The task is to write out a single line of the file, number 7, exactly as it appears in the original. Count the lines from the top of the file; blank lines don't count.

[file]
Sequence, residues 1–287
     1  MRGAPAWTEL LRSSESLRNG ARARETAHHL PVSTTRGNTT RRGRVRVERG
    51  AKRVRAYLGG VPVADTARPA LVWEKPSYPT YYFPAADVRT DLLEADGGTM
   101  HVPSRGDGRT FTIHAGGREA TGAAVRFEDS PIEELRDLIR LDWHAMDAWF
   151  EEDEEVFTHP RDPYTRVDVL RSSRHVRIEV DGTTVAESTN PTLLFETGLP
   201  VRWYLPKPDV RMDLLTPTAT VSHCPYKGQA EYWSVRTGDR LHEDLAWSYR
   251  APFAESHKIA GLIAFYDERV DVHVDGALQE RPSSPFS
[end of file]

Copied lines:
   251  APFAESHKIA GLIAFYDERV DVHVDGALQE RPSSPFS